Coros Pace 3 vs Coros Pace 2

The key differences between the two running watches
Wareable Pac 3 vs Pace 2
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The Coros Pace 2 is one of the best multisport watches we’ve tested and has helped shift expectations of what to expect from a sub-$200/£200 sports watch.

Its successor the Pace 3 builds on that and once again aims to offer great value for money impressing us in our in-depth review.

If you’re currently wearing a Pace 2 on your wrist and wondering whether you need to upgrade to a Pace 3 or hold off until Pace 4 turns up, we break down how the two Paces compare to help you make that decision.

Read our full Coros Pace 3 review – and Pace 2 test.

Price, availability, and versions

The Pace 2 launched in 2020, so it’s been around for a few years now with the Pace 3 landing in 2023.

Unsurprisingly, the Pace 3 is the pricier of the two watches and comes in at $229/£219, with the Pace 2 sitting at $199£179.

Coros only offers its Pace watches in one case size, with the option of pairing it up with either a silicone or nylon watch band. Coros suggests going for a nylon one will get you a better fit for monitoring heart rate.

You’re going to get some different colour options across the two watches with a special Track edition available with the Pace 3, which is only about offering a different look.

The strap sizes are different across old and new Paces, with the Pace 2 using smaller 20mm straps, compared to the larger 22mm ones on the Pace 3. So that’s something worth keeping in mind when picking between the two.

Design and display

WareablePace 3

Coros Pace 3 screen

Coros didn't make radical design changes for the Pace 3, aiming to keep these watches small, compact, and light enough to wear for long training sessions – and when you want to wear them to bed.

Both use 42mm-sized polymer cases and the same 1.2-inch display, with a resolution of 240 x 240. It's an always-on LCD – but the Pace 3 now adds full touchscreen support.

WareableCoros Pace 2

Coros Pace 2 

Nothing has changed in the physical button department with both including a twisting dial and a flatter button below.

The 5 ATM-rated waterproof design is the same, making both suitable for pool and open water swimming.

Ultimately the differences don’t radically alter what are both very comfortable watches to wear that give you scope to pick from a few different case colours and remove straps with the Pace 3 offering that additional touchscreen functionality.

Fitness features and tracking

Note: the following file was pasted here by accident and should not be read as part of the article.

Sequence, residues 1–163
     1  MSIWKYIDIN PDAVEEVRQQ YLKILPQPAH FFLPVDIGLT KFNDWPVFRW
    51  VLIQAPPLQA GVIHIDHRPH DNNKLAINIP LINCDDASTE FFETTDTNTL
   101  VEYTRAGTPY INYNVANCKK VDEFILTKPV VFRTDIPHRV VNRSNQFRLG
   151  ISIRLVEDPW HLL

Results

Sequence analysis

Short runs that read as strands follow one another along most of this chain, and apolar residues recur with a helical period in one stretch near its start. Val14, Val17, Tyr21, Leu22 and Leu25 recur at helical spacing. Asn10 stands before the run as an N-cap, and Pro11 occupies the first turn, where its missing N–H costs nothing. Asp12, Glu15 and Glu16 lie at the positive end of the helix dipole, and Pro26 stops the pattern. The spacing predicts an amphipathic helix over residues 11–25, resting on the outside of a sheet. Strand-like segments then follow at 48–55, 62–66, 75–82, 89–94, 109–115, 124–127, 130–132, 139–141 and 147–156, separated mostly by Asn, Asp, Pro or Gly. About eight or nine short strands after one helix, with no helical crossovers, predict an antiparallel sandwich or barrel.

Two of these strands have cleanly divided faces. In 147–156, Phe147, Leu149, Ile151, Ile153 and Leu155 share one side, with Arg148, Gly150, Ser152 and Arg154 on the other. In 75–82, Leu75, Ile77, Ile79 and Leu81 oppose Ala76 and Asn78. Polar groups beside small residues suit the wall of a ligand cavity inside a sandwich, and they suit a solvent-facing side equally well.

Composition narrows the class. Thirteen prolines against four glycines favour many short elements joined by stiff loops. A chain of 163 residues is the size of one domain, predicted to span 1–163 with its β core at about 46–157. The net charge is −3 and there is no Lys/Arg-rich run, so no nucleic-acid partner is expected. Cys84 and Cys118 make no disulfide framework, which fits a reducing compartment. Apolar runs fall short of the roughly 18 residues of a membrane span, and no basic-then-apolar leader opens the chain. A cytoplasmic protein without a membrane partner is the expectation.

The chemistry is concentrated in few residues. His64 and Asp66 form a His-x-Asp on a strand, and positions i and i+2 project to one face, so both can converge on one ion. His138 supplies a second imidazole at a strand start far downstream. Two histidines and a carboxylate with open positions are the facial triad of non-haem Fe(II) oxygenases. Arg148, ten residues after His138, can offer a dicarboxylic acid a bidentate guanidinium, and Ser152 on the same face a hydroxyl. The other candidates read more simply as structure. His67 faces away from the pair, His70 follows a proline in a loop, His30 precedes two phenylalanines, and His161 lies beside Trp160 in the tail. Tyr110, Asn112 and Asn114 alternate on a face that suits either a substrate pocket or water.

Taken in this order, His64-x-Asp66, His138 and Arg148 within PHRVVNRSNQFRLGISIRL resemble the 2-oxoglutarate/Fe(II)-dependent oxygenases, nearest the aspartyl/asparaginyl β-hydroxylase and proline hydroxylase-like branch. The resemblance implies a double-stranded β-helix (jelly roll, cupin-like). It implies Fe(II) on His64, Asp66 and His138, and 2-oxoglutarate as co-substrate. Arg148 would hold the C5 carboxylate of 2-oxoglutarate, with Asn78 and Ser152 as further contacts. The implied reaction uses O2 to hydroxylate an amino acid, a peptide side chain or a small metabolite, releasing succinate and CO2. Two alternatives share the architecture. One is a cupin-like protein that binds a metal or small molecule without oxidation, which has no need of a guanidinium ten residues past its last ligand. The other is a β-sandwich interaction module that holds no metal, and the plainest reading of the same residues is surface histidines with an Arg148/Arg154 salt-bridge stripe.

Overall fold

WareableCoros Pace 3

Coros Pace 3 on wrist

In terms of what you can track with these watches, there’s a lot of crossover. With the activity modes available, the core ones remain running, swimming, cycling, and indoor workout modes that include strength training including rep counting.

Both can perform as fitness trackers and will monitor sleep automatically, offering metrics like breaking down sleep stages and capturing sleep duration. Performance-wise, they offer much the same on that front. It's fine, but not the main reason you're going to pick up one of these watches.

For the more adventurous, the Pace 3 additionally offers profiles for hiking and winter sports like snowboarding and XC skiing. 

On the mapping and navigation front, Coros doesn’t offer the TOPO and landscape maps included on its Apex 2 Pro and Vertex 2 watches.

It does offer breadcrumb-style navigation and the ability to upload routes on both the Pace 3 and the Pace 2. Turn-by-turn directions are on the way too and are currently in beta testing.

WareableCoros Pace 2

Coros Pace 2

In terms of sensors, the Pace 3 additionally includes a pulse oximeter, a new optical heart rate sensor, and a dual-frequency GNSS chipset, which we’ve found delivers improved positioning accuracy over the Pace 2.

The heart rate tracking performance on the Pace 2 during exercise isn’t a bad performer, but there does feel like an improvement on that front on the Pace 3. It’s worth remembering that you can pair external heart rate sensors to both of these watches.

Unless you’re planning to spend a lot of time training at altitude, then the Pace 3’s optical pulse oximeter is not going to feel massively useful, so it’s really about how much you value that improved wrist-based HR and positioning tracking accuracy.

From a training and analysis point of view, the watches offer the same features. So both have access to Coros’ Evolab metrics and insights, the ability to do things like build interval training sessions, and you can also perform a running fitness test.